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nickel vs. nickel-wrapped strings


ry1633
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hi all,

 

I've been playing for over 30 years and always used some kind of nickel-wrapped steel strings on my electrics. I've never considered pure nickel strings before but am thinking of it now. How are pure nickel strings different/better than nickel-wrapped steel? Better tone, longer life? My two electrics have fairly different woods and pickups. Just wondering if I should make the switch or not? Pure nickel strings aren't too much more expensive. Currently I use Ernie Ball 10-46 nickel-wrapped Slinkys (lime green pkg). -Ry

 

 

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You might like them allot. The main item is the strings wear less on the frets.

 

Tone wise some say the wrapped strings sound warmer/darker sounding. The unwrapped are plain steel so those three strings don't change much to the strings you use now. Its just the wrapped strings that are different.

 

I think they sound fairly bright when new. They darken in tone a little as they age but not that much. The results will vary depending on your pickups but what I notice is slightly less output and clearer rounded tones on my guitars. I especially like them on my Semi Hollow body guitars. They will gain up nicely. You just need to crank the gain a little more.

 

The drawbacks are, the strings notch at the frets quickly if you bend strings allot. The nickel also begins to stink as they tarnish. Acids from the hands tends to accelerate this so keeping the strings clean is a little more important.

 

Other then that, I don't usually find them that much more expensive. The gauges I use are maybe a half dollar more for the pure nickel in the brands I buy. It just depends on what's on sale at the time. Ernie Balls Pure nickel are very well balanced. D'Addario, GHS, Safarzo, and SIT also make well balanced sets. You may find them a little stiffer then what you're used to in the beginning but you get used to it quickly.

 

I don't recommend Fender pure nickel. I've had a couple of left over sets setting on my shelf for a year now. I wont even put them on a guitar because I cant intonate them. I don't know what happened to Fender over the years. They used to make great strings. They moved manufacturing to Japan for awhile and they were still OK. When they switched manufacturing to Mexico their guitar string quality went right down the tubes. The strings are so terribly flat they cant be intonated even with the saddles adjusted to extreme maximums. I'm thinking its either the raw materials they use or a quality control problem. Its too bad because I used to use the bullets all the time.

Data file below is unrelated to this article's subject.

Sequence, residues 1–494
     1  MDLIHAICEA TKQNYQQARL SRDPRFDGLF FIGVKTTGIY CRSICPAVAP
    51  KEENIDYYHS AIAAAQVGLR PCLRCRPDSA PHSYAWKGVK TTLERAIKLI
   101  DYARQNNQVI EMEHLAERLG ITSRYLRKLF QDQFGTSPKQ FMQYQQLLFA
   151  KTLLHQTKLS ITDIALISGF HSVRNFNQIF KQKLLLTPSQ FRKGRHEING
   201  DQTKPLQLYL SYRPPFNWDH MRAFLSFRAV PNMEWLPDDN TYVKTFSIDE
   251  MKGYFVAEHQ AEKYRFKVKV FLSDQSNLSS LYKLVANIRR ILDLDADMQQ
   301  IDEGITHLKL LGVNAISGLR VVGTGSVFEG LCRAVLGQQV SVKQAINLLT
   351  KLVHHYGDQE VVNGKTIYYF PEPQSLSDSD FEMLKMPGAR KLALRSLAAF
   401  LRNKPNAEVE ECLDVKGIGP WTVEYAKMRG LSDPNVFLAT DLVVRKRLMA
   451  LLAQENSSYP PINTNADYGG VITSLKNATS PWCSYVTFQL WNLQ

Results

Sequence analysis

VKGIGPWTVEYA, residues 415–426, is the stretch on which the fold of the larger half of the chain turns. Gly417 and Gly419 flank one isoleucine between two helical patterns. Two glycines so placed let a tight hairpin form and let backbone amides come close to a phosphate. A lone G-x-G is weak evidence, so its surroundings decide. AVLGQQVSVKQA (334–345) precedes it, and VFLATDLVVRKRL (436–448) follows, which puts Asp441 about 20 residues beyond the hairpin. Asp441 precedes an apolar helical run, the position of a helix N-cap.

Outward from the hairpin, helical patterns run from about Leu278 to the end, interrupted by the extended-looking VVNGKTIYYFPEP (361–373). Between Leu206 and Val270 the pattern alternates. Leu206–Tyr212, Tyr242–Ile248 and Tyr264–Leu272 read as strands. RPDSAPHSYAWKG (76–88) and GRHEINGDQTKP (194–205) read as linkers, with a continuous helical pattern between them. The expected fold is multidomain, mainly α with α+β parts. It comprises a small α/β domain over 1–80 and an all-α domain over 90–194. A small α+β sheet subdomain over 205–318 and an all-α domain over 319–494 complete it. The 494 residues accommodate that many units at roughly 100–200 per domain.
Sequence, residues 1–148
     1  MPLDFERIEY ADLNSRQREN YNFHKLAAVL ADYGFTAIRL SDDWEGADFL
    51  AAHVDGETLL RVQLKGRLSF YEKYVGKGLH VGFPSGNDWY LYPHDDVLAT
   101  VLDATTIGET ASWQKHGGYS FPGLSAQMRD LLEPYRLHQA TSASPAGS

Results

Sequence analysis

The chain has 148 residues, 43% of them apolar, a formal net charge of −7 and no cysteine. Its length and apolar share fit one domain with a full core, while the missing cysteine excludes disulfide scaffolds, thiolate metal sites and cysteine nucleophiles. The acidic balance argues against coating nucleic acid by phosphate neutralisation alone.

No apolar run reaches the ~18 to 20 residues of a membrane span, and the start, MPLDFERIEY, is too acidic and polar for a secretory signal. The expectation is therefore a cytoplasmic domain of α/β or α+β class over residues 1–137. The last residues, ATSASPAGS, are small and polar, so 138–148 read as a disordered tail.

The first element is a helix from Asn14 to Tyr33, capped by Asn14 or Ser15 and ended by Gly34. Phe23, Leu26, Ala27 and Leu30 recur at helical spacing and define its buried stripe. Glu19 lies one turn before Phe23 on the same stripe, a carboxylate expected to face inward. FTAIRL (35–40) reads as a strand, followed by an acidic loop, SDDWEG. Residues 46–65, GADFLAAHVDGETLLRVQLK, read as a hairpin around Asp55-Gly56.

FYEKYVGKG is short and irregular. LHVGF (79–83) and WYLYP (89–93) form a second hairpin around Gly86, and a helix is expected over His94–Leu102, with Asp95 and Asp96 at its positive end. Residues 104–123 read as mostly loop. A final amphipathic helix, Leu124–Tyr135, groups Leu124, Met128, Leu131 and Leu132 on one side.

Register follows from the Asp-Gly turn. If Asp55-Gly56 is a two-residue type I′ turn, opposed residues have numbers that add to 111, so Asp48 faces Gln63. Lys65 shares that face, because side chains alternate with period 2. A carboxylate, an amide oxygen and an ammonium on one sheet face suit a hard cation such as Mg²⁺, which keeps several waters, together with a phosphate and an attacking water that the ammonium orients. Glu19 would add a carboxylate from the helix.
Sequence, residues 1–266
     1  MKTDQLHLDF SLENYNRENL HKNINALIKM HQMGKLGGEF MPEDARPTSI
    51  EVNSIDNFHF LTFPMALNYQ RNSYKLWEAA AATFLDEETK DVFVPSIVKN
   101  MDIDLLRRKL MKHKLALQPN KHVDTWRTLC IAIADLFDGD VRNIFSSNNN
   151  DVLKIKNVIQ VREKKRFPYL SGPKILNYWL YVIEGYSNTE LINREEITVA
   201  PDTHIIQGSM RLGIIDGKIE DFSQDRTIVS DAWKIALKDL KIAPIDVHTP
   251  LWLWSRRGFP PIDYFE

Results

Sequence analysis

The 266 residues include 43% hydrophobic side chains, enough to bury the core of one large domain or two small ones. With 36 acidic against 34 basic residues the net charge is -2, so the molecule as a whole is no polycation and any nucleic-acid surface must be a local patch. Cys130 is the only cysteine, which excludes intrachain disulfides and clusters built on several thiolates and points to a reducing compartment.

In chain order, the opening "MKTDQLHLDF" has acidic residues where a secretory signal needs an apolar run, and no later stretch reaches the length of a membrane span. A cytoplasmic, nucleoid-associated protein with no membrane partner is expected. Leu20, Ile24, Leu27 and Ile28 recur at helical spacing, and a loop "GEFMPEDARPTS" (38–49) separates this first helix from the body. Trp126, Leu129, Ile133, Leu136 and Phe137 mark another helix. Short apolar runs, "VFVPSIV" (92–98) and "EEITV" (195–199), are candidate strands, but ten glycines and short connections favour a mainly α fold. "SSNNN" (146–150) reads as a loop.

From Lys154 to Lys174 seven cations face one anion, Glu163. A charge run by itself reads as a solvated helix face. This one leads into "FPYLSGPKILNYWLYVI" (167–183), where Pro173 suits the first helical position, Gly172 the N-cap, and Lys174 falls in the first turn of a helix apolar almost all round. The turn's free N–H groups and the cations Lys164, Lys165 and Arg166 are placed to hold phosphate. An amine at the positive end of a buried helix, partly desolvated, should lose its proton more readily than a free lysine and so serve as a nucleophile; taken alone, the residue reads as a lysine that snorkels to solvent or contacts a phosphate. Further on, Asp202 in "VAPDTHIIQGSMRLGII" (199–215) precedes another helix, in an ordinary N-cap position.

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thanks. I use FingerEase the silcon spray a lot to wipe my strings and neck down especially in summer gigs. Will that stuff help with pure nickel strings? I do have kinda acidic sweat so maybe I'd have to be more careful.

 

My two electrics are both Strats but are quite different.

 

1. G&L Legacy Special - swamp ash body, maple/rosewood neck, G&L blade humbuckers in neck and middle, Dimarzio Fast Track 2 in bridge

 

2. Warmoth/Fender "Frankenstein strat": Warmoth mahogany body, Fender '57 reissue maple neck, Dimarzio HS3 in neck, Dimarzio Heavy Blues 2 in middle, Dimarzio FRED hb in bridge.

 

 

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d'addario pure nickel 10-45 are my standard strings for everything,

I always used nickel wrapped until one day I accidentally picked up a pack of pure nickels and fell in love .

Strings aren't very expensive ,give it a try

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I don't think Finger ease uses silicone or anything harmful to a guitar. If it was its the worst thing you can use on a fretboard. Silicone penetrates wood and can never be removed. It causes issues with frets popping out and drying the wood out.

 

Keeping strings dry prevents tarnish. You can also use a combination of 50/50% alcohol and WD40. The alcohol cleans the strings and the WD40 prevents moisture penetration. Don't get the alcohol on the guitar body. If the body is lacquer it will eat holes in the finish. You can apply WD40 to the strings before installing them too. Just be sure to let it dry first. WD40 was originally made for the military as a rust/tarnish inhibitor, not as lubricant as many seem to think.

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